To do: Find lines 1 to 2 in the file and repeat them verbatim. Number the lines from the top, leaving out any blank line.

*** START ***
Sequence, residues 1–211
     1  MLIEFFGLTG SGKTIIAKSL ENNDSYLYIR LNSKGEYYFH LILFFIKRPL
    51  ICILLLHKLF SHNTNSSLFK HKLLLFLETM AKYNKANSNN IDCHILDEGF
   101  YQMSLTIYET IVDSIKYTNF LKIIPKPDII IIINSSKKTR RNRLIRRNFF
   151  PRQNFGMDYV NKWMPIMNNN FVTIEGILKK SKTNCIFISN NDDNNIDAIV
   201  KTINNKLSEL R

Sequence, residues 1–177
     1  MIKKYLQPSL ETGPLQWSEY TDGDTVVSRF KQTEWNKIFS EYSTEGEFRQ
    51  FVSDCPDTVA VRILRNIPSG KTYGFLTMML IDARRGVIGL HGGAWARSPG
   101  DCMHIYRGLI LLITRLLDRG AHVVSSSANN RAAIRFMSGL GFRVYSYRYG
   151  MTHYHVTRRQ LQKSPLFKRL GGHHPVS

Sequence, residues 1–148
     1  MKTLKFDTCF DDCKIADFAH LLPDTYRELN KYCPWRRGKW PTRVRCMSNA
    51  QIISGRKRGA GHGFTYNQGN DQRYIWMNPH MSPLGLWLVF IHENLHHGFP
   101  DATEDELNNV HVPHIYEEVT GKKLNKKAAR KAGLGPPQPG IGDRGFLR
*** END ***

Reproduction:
Sequence, residues 1–211
     1  MLIEFFGLTG SGKTIIAKSL ENNDSYLYIR LNSKGEYYFH LILFFIKRPL